Accessing Private Land
Welcome to the Recreational Access and Landowner Relations Program
When Maine people want to get back to nature, they don't have far to go. The careful and productive use of natural resources has always been the foundation of the Maine economy. It's our heritage and our way of life. The ability of private landowners to continue earning their living from the land is also essential for outdoor recreation. Productive farmland and forests help to keep land from being developed. Maine has a unique history of public access to private land. Over the past 200 years, landowners, residents and visitors have forged a tradition of neighborliness and shared access that is found nowhere else in the nation. Approximately 94% of the state's land area is privately owned and more than 10 million acres of working farms and forests are open to the public. This voluntary contribution by landowners needs to be understood and respected by everyone who ventures outdoors.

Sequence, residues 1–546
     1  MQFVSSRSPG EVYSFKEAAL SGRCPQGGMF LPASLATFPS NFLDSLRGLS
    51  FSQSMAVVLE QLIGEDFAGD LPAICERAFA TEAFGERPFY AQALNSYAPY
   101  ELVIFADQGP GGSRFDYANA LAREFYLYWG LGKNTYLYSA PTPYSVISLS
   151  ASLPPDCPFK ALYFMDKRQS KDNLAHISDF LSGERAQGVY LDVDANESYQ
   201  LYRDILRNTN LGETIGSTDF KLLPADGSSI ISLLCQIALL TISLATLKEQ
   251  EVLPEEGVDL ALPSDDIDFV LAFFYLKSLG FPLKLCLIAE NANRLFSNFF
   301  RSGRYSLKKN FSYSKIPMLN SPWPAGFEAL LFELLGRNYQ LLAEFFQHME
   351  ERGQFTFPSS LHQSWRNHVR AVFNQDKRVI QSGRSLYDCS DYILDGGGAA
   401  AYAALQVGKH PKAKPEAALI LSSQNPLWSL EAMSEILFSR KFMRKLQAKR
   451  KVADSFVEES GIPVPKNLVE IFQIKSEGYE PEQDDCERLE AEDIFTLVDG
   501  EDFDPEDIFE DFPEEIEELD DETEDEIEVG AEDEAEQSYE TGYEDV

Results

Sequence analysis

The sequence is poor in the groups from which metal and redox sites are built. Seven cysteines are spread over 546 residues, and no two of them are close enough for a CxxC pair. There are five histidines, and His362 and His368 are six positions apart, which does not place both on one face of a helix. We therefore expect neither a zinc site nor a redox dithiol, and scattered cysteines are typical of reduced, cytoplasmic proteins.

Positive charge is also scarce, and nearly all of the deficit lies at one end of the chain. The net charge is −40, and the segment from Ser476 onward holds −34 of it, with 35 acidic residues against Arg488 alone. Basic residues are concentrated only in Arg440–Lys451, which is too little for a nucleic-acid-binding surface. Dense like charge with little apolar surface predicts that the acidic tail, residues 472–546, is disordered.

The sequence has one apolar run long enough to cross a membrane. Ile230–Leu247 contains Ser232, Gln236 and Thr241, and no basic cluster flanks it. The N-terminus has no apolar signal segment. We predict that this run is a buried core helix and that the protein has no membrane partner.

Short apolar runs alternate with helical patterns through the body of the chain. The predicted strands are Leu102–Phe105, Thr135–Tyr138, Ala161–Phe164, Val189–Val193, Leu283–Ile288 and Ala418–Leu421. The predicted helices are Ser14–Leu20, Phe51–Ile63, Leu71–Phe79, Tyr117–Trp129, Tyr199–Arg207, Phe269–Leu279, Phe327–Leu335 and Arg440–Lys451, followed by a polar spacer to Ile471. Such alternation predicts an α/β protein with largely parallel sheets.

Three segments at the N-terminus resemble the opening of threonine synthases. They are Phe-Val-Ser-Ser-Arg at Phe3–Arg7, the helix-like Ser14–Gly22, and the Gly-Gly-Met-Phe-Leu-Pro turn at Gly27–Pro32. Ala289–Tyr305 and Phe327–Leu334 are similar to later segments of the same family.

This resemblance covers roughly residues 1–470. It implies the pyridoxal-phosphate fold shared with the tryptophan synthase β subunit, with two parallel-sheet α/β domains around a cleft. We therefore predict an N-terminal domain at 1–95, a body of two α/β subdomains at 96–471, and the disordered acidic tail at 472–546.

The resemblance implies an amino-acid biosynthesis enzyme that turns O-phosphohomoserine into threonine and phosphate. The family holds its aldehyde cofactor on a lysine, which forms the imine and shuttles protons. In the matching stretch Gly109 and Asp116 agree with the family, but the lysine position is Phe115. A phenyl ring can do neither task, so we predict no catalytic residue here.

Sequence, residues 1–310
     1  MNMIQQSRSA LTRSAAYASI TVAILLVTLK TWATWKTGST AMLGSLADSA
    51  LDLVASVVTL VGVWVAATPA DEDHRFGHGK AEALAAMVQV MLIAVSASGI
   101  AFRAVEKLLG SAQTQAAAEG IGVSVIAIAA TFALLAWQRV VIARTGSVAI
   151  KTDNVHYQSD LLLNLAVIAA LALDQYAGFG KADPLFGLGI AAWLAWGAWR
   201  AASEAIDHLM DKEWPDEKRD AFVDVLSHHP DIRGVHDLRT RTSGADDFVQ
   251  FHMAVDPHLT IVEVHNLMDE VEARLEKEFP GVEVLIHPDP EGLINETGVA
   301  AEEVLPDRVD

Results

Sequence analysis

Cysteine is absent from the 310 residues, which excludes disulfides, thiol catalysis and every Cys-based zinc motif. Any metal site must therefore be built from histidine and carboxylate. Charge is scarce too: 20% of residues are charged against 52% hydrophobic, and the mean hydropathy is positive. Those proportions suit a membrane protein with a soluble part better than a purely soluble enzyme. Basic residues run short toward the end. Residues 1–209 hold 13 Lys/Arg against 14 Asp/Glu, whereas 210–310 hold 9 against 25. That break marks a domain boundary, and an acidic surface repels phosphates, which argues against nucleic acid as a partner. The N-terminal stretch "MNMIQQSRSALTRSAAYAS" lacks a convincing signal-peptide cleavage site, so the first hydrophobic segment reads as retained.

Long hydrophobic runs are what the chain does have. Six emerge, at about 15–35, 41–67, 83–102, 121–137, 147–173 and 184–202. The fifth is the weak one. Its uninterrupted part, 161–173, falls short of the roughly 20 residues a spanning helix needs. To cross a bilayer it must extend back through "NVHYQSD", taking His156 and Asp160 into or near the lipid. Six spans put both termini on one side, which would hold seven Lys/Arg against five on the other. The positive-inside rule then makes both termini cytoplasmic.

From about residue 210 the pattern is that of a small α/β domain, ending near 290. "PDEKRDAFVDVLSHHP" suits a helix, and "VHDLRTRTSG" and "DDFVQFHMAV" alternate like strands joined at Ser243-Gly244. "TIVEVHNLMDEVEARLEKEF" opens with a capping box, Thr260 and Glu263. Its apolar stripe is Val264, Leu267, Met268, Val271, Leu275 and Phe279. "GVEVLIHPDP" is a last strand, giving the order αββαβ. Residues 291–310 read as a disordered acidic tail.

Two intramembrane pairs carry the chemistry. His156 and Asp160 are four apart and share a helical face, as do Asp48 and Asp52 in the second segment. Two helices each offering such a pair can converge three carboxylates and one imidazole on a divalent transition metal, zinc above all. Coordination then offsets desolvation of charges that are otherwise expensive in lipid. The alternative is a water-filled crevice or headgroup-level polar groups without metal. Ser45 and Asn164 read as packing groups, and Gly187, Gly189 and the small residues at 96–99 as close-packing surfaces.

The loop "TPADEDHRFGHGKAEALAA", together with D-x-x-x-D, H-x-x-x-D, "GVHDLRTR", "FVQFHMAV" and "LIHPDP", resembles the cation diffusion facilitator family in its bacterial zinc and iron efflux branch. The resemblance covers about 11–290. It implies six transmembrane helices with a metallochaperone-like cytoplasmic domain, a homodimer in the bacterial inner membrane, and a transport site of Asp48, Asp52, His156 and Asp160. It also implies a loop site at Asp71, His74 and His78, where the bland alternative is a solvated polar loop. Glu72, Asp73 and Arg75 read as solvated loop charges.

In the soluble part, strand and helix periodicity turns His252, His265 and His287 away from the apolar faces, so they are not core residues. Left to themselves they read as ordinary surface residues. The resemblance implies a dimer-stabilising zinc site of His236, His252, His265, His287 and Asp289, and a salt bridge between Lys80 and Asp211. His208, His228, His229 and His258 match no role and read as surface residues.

The private land you use for recreation belongs to someone else, just as surely as your car or home belongs to you. Access to private land is a privilege, not a right. Now and in the future, private ownership is key to preserving Maine's rural heritage and recreational opportunities. The owners of Maine's farms and forests take great pride in the stewardship of their lands and they enjoy sharing these resources with others. Keep in mind, however, that you should always ask first for permission to use private land. It's the right thing to do. Some landowners may require permits for certain activities. If so, respect that request. Remember, your actions affect everyone who wants to use private land for recreation.
Public Access to Private Land is A Privilege, Not A Right
Landowners who permit you to use their land for outdoor recreational activities are not only doing you a favor, they place their trust in you. To demonstrate appreciation for the favor and to prove their trust is not misplaced:
- Ask for permission first
- Respect any and all special requests made by the landowner
- Understand clearly where you can and cannot drive or park your vehicle and abide by those restrictions
- If requested, provide the landowner, your name, address, phone number and vehicle description
- Consider using pre-printed Landowner/Land user Courtesy Cards (PDF)
- Know the property boundaries of the land you have permission to use and stay within those boundaries
- Railroad and utility corridors are not public rights of way and require permission for access
- Always OBEY THE LAW